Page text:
FC Dallas goal celebration at Vancouver
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Stejskal: Flexible FC Dallas feel better prepared for deep postseason run

Some of the faces have changed, but on the surface, this FC Dallas team looks strikingly similar to the groups that had so much regular-season success in 2015-16.

Like those two teams, which finished first in the West in 2015 and took home the Supporters’ Shield the following year, the current FCD squad has been at or near the top of the conference all season. Their 2-0 victory against Orlando City SC on Saturday gave them 57 points with three games remaining in 2018, putting the club’s all-time single-season record of 60 points (set in '15 and tied in '16) very much in play. They’re in the same neighborhood as those squads in goals scored and goals conceded and also primarily play out of a 4-2-3-1.

Dig a little deeper, however, and changes – some dramatic, some subtle – quickly become apparent for Dallas, who are 3-0-2 in their last five. Without causing much of a shift in FCD’s standing, the club feel the changes have given them far more options heading into the playoffs than they had in either of the two previous appearances, when they were bounced in the conference finals and semifinals, respectively.

“I think we have become more flexible this year,” head coach Oscar Pareja told MLSsoccer.com over the phone on Tuesday. “This team has gained some variety with what we have in the models, in the formations. We’ve learned how to play without players that were regulars in our group, we developed some different ways to win this year, we have adapted much more to the different challenges that we have had during the journey. We have to get more in the playoffs, but the team this year has been more flexible than in the past.”

Dallas’ highest-profile changes, as Pareja referenced, have been departures. Center back Walker Zimmerman was traded to LAFC in the offseason, playmaker Mauro Diaz was sold to Emirati club Shabab Al-Ahli on July 3 and former Homegrown and current US national team midfielder Kellyn Acosta was shipped to Colorado three weeks after Diaz’s transfer.

The Zimmerman and Acosta departures were significant, but didn’t seem to affect how FCD play. Dallas signed Swiss veteran Reto Ziegler this winter to replace Zimmerman; he’s been excellent, pairing with center back Matt Hedges to lead a defense that is tied for third-fewest goals allowed this year. After an early-season injury, Acosta wasn’t starting full-time before his trade; FCD replaced him in-house with Victor Ulloa.

The loss of Diaz proved a bigger shock to the system. The Argentine has terrific vision and is excellent at playing the final ball, which led to FCD running a lot of their attacking movements through him. That often worked wonderfully (despite playing his last game for Dallas on June 9, Diaz is still second on the team with 8 assists), but it created a dangerous dependence for FCD: If Diaz was cooking, Dallas often rolled; if he were injured or off his game, things could become a grind.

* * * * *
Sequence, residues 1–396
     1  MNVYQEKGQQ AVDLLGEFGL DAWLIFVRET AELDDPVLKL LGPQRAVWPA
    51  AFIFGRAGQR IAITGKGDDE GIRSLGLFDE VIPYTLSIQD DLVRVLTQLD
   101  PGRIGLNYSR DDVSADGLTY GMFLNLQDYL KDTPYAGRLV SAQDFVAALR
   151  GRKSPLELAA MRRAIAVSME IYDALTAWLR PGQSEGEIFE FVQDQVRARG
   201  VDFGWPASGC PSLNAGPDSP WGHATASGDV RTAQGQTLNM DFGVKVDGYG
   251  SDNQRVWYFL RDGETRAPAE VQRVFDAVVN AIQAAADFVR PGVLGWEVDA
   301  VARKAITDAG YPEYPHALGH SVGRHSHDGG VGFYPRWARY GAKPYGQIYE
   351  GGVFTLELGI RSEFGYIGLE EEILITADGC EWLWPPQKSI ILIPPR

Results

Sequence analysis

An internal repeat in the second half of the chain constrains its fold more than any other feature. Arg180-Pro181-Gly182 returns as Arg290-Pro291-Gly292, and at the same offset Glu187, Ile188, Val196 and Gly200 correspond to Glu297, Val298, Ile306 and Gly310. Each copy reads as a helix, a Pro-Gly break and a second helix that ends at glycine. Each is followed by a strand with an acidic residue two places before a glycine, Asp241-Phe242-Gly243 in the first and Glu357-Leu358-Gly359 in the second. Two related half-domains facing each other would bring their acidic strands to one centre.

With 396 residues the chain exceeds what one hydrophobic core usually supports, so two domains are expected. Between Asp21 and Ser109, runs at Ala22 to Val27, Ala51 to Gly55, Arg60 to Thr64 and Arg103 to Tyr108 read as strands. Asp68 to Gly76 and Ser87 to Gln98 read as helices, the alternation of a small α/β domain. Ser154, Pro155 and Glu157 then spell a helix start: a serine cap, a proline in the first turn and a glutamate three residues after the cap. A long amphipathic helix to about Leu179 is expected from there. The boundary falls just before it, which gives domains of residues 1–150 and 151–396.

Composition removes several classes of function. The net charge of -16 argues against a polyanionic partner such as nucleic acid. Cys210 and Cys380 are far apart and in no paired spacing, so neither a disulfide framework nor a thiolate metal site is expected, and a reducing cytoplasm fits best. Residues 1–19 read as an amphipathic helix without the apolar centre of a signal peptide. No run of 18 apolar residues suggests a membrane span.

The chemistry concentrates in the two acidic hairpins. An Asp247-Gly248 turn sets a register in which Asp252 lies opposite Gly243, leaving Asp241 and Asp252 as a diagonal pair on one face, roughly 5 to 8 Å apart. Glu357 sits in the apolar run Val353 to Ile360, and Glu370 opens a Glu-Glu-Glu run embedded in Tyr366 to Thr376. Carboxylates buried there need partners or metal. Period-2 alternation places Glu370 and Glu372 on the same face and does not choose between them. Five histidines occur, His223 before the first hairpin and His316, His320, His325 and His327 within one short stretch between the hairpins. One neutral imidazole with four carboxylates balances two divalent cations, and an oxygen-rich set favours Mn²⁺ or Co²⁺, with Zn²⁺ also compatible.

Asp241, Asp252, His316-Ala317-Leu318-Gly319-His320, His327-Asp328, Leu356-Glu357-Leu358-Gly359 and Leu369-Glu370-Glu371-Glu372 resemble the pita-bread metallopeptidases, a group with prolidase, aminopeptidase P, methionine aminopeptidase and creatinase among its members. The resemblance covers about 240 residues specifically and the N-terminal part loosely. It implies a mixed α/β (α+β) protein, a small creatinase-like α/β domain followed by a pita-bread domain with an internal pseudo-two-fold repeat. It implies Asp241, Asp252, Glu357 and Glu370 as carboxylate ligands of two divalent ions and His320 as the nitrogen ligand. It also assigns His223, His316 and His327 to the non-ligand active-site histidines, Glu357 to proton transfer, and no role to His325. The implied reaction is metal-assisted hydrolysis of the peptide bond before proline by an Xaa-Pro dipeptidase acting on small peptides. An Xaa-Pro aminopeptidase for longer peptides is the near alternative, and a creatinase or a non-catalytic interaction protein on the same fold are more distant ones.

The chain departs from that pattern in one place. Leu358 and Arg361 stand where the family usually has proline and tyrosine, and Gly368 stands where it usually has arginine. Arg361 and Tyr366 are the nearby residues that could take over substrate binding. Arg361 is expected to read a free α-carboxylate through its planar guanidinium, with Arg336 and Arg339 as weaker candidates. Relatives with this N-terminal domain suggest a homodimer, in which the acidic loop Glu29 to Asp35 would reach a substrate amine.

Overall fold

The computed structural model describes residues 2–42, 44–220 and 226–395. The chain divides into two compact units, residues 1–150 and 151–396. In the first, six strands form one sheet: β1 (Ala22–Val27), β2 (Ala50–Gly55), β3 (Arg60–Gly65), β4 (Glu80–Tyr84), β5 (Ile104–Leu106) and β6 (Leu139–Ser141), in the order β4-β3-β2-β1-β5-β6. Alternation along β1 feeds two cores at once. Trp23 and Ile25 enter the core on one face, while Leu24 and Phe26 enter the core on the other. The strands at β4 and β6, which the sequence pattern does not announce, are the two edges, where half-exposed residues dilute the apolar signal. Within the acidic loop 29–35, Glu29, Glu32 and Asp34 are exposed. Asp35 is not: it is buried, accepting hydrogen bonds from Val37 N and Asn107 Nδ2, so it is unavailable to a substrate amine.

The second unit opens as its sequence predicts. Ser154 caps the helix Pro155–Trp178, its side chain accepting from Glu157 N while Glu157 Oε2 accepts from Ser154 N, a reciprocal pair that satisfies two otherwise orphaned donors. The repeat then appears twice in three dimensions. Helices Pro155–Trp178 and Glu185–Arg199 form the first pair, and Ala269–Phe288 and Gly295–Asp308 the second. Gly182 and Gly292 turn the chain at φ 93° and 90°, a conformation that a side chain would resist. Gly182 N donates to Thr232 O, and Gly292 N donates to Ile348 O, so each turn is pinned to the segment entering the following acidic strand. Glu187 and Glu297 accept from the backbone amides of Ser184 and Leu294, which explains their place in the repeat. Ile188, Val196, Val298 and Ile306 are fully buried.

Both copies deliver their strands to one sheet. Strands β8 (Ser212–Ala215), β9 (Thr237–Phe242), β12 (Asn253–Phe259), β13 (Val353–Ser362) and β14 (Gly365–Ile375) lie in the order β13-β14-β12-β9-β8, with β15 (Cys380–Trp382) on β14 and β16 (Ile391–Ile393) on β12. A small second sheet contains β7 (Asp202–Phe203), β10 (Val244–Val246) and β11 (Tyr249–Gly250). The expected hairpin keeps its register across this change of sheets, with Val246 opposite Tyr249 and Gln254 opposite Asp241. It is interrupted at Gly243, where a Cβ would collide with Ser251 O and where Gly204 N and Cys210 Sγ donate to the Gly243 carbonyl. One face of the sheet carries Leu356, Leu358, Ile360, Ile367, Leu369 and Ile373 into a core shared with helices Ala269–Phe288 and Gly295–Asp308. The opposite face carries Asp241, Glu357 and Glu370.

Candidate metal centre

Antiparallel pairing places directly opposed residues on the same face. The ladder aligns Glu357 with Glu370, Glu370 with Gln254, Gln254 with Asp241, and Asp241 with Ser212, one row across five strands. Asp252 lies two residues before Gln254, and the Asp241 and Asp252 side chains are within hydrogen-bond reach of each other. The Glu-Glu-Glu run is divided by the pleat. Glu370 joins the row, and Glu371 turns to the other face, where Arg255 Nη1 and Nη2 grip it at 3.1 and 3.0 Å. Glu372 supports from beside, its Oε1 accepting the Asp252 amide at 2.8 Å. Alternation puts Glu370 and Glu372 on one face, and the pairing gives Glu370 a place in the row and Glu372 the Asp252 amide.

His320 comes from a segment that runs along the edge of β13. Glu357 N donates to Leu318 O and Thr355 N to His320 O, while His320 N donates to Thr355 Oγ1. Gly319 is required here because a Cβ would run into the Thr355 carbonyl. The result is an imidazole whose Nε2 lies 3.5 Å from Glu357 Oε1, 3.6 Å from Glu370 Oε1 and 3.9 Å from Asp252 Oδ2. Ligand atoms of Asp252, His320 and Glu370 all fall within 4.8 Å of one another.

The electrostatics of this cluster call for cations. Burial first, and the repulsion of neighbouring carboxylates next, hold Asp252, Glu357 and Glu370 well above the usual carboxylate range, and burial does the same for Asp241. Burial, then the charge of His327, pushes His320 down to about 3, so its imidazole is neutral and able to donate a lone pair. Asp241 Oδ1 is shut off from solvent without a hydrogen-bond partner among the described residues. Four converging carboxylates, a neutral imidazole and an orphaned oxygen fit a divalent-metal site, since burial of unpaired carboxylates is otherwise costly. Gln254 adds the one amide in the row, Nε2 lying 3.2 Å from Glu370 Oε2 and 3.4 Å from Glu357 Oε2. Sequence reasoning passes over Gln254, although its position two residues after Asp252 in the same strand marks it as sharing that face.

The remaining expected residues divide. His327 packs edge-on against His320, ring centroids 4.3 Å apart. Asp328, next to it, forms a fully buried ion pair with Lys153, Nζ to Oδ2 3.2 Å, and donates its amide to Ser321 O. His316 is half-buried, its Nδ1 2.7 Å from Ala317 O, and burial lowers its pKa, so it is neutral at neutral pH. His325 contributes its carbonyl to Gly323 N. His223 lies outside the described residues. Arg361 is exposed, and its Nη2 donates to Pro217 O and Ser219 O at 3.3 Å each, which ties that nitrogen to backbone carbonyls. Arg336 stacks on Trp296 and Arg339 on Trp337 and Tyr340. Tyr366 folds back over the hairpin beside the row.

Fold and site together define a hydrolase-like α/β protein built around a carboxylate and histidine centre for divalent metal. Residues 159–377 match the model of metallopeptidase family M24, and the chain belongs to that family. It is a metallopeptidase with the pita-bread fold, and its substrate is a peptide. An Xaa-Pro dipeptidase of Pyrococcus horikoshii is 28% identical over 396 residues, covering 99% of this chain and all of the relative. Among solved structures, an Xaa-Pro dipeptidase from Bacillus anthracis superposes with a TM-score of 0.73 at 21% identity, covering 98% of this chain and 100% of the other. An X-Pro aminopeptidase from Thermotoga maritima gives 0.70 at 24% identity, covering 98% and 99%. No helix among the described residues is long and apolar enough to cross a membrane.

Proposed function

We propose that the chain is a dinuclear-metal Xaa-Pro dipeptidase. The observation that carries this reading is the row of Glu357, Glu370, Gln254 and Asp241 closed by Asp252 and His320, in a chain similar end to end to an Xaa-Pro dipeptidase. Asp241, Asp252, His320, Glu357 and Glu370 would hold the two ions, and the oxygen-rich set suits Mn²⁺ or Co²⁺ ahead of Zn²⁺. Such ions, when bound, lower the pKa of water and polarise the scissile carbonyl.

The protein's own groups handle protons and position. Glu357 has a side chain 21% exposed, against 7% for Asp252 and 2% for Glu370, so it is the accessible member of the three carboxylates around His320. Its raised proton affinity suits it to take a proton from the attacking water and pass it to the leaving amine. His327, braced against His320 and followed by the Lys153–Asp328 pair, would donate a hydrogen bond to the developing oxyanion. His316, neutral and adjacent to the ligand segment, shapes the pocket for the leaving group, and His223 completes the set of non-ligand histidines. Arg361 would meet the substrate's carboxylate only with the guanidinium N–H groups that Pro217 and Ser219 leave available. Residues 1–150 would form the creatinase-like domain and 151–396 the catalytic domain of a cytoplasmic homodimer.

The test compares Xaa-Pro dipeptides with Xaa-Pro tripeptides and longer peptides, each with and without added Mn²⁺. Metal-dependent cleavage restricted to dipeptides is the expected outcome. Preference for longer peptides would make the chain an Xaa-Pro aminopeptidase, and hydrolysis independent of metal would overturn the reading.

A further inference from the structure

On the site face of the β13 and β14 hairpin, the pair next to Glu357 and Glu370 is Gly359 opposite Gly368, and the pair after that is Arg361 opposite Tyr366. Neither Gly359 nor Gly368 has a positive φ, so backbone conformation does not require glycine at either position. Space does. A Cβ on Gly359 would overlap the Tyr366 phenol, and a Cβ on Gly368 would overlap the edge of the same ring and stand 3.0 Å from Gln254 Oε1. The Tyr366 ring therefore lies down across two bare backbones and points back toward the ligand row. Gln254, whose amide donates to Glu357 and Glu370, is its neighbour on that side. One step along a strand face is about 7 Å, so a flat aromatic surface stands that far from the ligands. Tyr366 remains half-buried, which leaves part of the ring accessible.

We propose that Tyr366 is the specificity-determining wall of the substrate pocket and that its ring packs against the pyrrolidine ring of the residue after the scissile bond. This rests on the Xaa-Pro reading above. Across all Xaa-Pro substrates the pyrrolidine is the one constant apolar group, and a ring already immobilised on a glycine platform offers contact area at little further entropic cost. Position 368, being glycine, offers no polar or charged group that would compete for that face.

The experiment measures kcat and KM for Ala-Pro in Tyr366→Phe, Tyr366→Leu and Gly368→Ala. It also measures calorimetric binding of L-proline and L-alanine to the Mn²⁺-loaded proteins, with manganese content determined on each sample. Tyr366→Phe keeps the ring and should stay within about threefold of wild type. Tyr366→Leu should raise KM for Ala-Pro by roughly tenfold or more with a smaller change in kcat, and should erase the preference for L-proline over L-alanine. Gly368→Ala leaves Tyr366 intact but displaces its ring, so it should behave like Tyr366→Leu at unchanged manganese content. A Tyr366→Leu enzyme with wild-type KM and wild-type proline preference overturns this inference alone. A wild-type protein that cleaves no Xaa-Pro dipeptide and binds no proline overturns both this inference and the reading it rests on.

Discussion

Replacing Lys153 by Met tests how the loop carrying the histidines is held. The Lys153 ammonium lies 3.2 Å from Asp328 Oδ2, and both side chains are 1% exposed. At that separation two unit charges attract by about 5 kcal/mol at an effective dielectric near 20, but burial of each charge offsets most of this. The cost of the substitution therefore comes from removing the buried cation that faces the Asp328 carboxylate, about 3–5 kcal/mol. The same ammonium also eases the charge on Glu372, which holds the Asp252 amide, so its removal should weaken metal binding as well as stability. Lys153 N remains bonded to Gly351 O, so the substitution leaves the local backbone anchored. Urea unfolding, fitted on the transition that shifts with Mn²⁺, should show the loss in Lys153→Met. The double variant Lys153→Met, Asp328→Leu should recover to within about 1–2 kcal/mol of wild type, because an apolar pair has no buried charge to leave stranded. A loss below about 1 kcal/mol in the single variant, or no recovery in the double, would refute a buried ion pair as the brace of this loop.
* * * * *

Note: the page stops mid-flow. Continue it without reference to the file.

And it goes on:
Maxi Urruti's move to the No. 10 has helped fill the void left by Mauro Diaz's departure. | USA Today Images

Since Diaz left, FCD have become a bit more diverse and a bit more direct in the attack. Maxi Urruti has dropped from his forward spot into Diaz’s old role in the midfield and has been fantastically productive, 21-year-old summer signing Pablo Aranguiz has shown flashes in the final third and wingers Michael Barrios and Santiago Mosquera have combined for 11 goals and 5 assists since July 28.

Regardless of who’s playing the final ball or hitting the back of the net, Dallas have increased the pace of their attacks since Diaz’s departure. As Bobby Warshaw noted in his column earlier Tuesday, they’re now hitting teams more on the fly, with Ulloa and Carlos Gruezo winning the ball in the midfield, finding an outlet in Urruti or a winger and moving the ball toward goal as quickly as they can.

“We had a big loss with Mauro,” Ulloa said. “The type of player he is, the kind of impact that he has on the team, we were looking for him every ball, especially the midfielders. We were trying to get it to him because he’d make the magic happen. Now, with Maxi in there, I think he’s done a phenomenal job. Different type of player, more direct, but we’re adjusting to the new role that he plays in our team and I think we’ve done pretty well.”

Pareja has also shifted his attackers around. In addition to dropping Urruti into a deeper role, Pareja has used him out wide and, occasionally, kept him up top. Barrios and Mosquera have both seen time at forward. Aranguiz has played in the middle and as an inverted winger. Roland Lamah, still FCD’s leading scorer with 8 goals, hasn’t played much during the last two months due to injury, but he recently returned to the 18 and gives Pareja another option at forward or winger.

Pareja has also used different formations more frequently this season, something Dallas didn’t do much of in past years.

The increased directness, the flexibility in formations and personnel have combined to leave Dallas in an intriguing place headed into the postseason. They’re hot, confident and, despite the raft of changes, feeling a little more secure.

“When teams get hot at the right time, it’s huge,” Ulloa said. “At this moment, we’re happy with where we are at. We’ve just got to keep it going so we go into playoffs with high spirits and ready to make a run for the Cup.”

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